When I heard Kenny Chesney sing "Me and You" back in the 90's, I got turned back on to country music, and I also turned the radio on once again. I hated rap, hip-hop, and all that other noise they were calling music, but I wanted to listen to the radio. Kenny got me turned on, once again.
When I was growing up, country music was called either bluegrass or hillbilly music, and everyone who heard either of those two terms knew exactly what they meant. One was down home instrumental music with great emphasis on the banjo and lots of pickin', and hillbilly simply meant singers with a twang and lots of nasality. Think Hank Williams, Sr., Hank Snow, George Jones, Webb Pierce, a young Dolly Parton, Porter Wagner, Skeeter Davis, Kitty Wells, Ernest Tubb, Lefty Frizzell. Even the names fit the mode.
The Appeal of a Single Record
I am sitting here looking at a stack of 45rpm records, which fortunately I can still play. I really feel sorry for the folks today who have
never had the experience of buying, playing and enjoying those wonderful old records. I used to have a player that would hold up to 20 of these round goodies,and they dropped one at a time, and the arm would plop on the surface and play the record.
They were a great improvement over the old 78rpm records because the 78’s broke much too easily. (Although I have been known to play some cracked and broken ones in my day, I can tell you it did nothing for needle life!) I guess, for all the newbies, I should say that the records were played by a cartridge arm to which you would supply a needle from time to time. The needle moving in the groove produced the sound. If for some reason you scratched the surface or let it get dirty, then the sound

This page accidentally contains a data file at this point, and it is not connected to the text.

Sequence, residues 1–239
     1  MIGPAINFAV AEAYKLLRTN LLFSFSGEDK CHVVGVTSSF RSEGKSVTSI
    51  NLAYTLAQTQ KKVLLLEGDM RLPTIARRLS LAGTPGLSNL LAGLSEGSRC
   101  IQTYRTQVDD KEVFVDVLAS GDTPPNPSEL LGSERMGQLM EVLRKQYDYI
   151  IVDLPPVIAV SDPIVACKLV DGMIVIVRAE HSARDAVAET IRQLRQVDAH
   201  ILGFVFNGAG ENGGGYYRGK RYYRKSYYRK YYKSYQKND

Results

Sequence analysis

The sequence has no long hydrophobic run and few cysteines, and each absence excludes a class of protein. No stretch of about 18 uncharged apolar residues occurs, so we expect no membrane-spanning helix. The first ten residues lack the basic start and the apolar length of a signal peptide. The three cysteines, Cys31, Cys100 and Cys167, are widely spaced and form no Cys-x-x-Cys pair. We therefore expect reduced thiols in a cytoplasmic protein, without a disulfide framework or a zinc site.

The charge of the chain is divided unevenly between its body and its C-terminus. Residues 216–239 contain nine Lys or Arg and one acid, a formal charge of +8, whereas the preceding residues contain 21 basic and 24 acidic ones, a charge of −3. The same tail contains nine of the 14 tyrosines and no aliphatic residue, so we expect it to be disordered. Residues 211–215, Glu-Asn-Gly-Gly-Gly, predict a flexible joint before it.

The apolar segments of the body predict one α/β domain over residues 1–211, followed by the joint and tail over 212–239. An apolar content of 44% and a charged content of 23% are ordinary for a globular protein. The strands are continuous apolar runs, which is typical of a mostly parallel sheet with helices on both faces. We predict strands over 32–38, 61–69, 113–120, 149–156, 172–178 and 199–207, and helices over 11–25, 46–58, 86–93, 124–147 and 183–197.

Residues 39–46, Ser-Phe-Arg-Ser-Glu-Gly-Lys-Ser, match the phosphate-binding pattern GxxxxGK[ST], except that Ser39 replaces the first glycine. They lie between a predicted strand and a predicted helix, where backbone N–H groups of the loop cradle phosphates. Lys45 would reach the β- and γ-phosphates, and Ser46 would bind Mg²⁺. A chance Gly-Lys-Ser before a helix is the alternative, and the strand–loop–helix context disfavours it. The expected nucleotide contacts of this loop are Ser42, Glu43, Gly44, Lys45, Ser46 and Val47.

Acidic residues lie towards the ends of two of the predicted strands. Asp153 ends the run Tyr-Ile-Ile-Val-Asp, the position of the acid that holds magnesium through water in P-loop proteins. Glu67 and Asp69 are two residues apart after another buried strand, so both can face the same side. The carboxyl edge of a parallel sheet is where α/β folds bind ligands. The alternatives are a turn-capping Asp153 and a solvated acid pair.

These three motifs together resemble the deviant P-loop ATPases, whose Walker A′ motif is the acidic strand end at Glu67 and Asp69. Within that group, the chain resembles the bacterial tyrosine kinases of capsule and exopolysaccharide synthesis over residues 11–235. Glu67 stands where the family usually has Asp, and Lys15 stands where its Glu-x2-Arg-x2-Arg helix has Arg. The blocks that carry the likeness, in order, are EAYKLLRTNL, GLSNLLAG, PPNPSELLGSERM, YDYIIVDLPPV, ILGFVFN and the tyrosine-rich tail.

would include surface noises…or little clicks if the record happened to have a tear in it somewhere, which happened frequently. These records could also be stacked on a turntable, which then dropped each record in turn when the previous one finished playing. After the last groove, the arm would pick itself up, move
to the side, drop the next record, and then the needle arm would plop on to the surface and play the record, but I have also seen that drop cause a break in a record…rare, but it did
It’s me, and here I am again. After writing the book, “My ‘Secret Love’ Affair with Doris Day”, you probably think I have nothing left to say. WRONG. I should think that after 75 years of hard living, I would have lots to say…and I do. This blog will cover everything from soup to nuts, so to speak, but will deal primarily with things I know or have experienced.
Yes, I know I wrote a book, and I hope most of you have read it by now. If not, why not? The proceeds go to the DDAF, and you can take that off your taxes and get a good read at the same time. (These can also make some nice Christmas presents!) Did I hear you say “for older folks”? Nah..for anyone! A lot can be learned…some folks will even discover Doris for the first time!
Mike DeVita makes his home in Baltimore, Maryland, where he has lived for most of his life.